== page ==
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Thursday, January 22, 2015

Oracle? No.

No ILIKE, no boolean column datatype, no usable error messages. Instead of an 'incompatible types in the where condition' message I got something like the string buffer is too small. What kind of string buffer?
Why people still tend to buy Oracle? Because something is expensive, it must be good?

Wednesday, January 14, 2015

Super simple public read-only share with Samba 4

Beware when checking out tutorials for Samba. Samba 4 was released on 11th December 2012, and it's configuration schematics has major differences compared to Samba 3.

Let's see a very simple scenario: you want to share a public read-only folder for other devices on the local network (e.g. with CIFS/SMB protocol because of Windows hosts) using Linux/BSD or pretty anything that can run Samba. The configuration (smb.conf) is as follows:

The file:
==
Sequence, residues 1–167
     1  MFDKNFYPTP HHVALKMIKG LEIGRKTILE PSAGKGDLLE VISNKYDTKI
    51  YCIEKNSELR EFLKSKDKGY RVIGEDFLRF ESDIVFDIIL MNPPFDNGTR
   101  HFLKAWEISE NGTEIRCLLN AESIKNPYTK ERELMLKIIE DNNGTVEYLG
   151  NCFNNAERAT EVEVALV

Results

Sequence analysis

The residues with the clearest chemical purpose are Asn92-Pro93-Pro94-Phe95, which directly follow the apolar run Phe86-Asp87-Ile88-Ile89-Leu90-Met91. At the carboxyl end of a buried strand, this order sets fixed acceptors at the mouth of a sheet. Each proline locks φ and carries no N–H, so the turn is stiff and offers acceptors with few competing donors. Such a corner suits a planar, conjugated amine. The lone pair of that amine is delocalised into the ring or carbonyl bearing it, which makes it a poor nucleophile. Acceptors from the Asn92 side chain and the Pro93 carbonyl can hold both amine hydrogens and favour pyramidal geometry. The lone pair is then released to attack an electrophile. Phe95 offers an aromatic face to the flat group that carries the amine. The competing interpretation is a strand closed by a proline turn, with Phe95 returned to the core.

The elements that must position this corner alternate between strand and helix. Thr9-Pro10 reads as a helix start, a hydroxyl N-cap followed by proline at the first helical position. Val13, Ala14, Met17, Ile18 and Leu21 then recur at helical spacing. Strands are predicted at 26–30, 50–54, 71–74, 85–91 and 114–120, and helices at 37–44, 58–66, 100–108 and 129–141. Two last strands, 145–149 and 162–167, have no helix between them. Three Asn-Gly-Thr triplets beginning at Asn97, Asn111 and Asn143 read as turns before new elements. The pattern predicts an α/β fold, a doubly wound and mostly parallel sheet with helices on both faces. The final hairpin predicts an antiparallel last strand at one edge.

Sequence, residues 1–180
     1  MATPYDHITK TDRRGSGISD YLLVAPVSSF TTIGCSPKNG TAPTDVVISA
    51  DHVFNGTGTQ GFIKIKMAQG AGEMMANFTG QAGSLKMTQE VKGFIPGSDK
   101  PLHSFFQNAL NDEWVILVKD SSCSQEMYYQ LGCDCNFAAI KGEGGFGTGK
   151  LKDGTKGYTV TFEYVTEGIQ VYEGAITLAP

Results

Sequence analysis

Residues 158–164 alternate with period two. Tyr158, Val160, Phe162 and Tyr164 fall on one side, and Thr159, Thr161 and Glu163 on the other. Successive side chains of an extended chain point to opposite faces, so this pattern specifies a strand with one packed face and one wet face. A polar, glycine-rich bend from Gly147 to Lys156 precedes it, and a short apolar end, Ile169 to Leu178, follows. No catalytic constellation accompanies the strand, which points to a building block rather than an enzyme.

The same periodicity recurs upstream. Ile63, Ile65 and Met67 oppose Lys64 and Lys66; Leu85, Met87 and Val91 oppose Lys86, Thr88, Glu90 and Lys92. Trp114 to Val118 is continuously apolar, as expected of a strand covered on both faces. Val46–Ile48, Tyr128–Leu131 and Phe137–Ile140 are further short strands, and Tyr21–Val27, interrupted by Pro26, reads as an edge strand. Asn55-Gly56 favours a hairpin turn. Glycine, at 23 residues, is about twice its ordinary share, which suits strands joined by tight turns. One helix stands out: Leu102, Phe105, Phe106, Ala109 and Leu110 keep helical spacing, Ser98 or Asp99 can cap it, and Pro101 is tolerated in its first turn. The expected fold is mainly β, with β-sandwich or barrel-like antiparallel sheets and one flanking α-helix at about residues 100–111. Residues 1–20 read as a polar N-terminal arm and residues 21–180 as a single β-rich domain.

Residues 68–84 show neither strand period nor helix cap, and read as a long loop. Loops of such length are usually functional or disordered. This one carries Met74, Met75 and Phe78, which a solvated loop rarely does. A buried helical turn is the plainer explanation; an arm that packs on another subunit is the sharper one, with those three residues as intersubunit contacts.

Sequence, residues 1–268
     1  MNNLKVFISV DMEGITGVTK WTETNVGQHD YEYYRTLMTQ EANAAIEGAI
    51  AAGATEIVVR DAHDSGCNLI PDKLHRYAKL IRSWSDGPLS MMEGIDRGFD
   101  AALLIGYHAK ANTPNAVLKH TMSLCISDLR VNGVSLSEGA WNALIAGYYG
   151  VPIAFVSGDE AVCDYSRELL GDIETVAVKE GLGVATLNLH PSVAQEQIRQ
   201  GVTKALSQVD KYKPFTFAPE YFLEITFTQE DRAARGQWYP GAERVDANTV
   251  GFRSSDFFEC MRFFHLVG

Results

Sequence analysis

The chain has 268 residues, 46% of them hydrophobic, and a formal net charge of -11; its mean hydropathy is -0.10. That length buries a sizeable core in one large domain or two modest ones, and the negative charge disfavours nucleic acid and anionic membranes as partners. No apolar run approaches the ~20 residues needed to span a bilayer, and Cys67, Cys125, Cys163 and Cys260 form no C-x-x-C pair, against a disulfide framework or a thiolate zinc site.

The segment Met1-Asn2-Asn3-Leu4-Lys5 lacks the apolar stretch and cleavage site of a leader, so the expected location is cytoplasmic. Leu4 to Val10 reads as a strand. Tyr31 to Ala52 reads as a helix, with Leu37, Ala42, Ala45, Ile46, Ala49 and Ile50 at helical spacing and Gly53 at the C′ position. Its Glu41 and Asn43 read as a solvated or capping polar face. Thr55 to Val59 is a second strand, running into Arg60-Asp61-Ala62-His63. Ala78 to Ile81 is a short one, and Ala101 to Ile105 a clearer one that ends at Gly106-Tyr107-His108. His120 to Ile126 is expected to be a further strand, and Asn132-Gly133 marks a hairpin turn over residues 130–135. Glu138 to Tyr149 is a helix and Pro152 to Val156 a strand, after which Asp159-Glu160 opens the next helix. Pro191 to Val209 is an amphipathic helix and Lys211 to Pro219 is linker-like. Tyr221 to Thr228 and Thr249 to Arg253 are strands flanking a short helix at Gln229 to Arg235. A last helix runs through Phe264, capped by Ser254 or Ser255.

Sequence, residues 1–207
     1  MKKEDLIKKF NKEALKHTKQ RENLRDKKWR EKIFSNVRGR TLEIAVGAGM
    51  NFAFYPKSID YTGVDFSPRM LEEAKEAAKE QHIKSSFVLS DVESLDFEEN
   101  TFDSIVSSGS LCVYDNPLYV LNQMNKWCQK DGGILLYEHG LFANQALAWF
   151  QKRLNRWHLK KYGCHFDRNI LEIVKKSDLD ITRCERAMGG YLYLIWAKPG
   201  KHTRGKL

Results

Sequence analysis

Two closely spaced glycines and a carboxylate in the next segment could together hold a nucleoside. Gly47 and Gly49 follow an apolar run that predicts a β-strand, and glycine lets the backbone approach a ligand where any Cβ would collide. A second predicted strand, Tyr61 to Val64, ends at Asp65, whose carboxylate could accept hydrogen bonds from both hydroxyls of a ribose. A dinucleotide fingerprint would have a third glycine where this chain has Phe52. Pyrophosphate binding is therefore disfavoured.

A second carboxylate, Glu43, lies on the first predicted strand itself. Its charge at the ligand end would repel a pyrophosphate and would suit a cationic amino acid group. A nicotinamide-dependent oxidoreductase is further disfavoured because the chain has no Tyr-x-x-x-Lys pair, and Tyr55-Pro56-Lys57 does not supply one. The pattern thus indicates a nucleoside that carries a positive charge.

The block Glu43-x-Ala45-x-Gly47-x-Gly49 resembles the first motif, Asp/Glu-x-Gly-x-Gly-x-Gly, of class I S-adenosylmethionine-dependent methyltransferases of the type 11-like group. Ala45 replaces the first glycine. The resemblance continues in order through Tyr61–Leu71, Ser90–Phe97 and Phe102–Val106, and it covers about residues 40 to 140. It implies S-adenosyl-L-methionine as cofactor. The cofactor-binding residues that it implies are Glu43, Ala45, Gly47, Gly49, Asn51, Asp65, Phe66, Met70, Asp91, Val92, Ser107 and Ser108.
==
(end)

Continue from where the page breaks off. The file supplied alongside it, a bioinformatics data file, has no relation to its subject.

[global]
   workgroup = WORKGROUP
   server string = Samba Server
   guest account = myuser
   log file = /var/log/samba/%m.log
   max log size = 50
   security = user
   map to guest = bad user

[media]
   path = /data
   guest ok = yes

Notes:

  • This is tested (and in daily use) with Arch Linux
  • Replace myuser with your username, workgroup and server string if you want to
  • This configuration allows any client to read the share without authentication of any kind
  • The path to be shared must be readable for the user running samba on the host system. For optimal result, add the directory open right to all directories recursively on /data and read right on files
  • The share will be accessible on Windows hosts without network discovery on: \\ip_address\media. With CIFS clients, just use the IP address and the sole shared directory will be listed
  • The directory name of the share will be 'media' which can be altered of couse

Sunday, October 19, 2014

Android "Lollipop" for Nexus 4 confirmed